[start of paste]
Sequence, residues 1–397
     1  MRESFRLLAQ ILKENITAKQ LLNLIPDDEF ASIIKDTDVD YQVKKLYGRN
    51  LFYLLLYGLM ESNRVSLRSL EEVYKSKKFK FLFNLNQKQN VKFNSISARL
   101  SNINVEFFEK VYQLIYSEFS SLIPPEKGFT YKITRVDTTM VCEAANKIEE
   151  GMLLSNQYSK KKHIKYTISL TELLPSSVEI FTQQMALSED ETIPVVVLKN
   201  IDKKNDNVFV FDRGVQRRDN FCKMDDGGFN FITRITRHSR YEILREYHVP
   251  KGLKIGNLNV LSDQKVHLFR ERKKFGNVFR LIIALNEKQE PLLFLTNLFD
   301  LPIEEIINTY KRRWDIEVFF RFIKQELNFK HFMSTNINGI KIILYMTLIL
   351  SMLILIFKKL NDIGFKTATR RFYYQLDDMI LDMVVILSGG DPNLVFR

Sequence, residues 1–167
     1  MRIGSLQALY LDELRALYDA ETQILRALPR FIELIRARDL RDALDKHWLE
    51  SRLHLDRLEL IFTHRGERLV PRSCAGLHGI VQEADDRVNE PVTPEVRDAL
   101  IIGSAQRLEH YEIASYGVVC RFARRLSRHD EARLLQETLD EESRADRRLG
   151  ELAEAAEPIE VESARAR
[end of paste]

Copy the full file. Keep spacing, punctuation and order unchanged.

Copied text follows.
Sequence, residues 1–397
     1  MRESFRLLAQ ILKENITAKQ LLNLIPDDEF ASIIKDTDVD YQVKKLYGRN
    51  LFYLLLYGLM ESNRVSLRSL EEVYKSKKFK FLFNLNQKQN VKFNSISARL
   101  SNINVEFFEK VYQLIYSEFS SLIPPEKGFT YKITRVDTTM VCEAANKIEE
   151  GMLLSNQYSK KKHIKYTISL TELLPSSVEI FTQQMALSED ETIPVVVLKN
   201  IDKKNDNVFV FDRGVQRRDN FCKMDDGGFN FITRITRHSR YEILREYHVP
   251  KGLKIGNLNV LSDQKVHLFR ERKKFGNVFR LIIALNEKQE PLLFLTNLFD
   301  LPIEEIINTY KRRWDIEVFF RFIKQELNFK HFMSTNINGI KIILYMTLIL
   351  SMLILIFKKL NDIGFKTATR RFYYQLDDMI LDMVVILSGG DPNLVFR

Sequence, residues 1–167
     1  MRIGSLQALY LDELRALYDA ETQILRALPR FIELIRARDL RDALDKHWLE
    51  SRLHLDRLEL IFTHRGERLV PRSCAGLHGI VQEADDRVNE PVTPEVRDAL
   101  IIGSAQRLEH YEIASYGVVC RFARRLSRHD EARLLQETLD EESRADRRLG
   151  ELAEAAEPIE VESARAR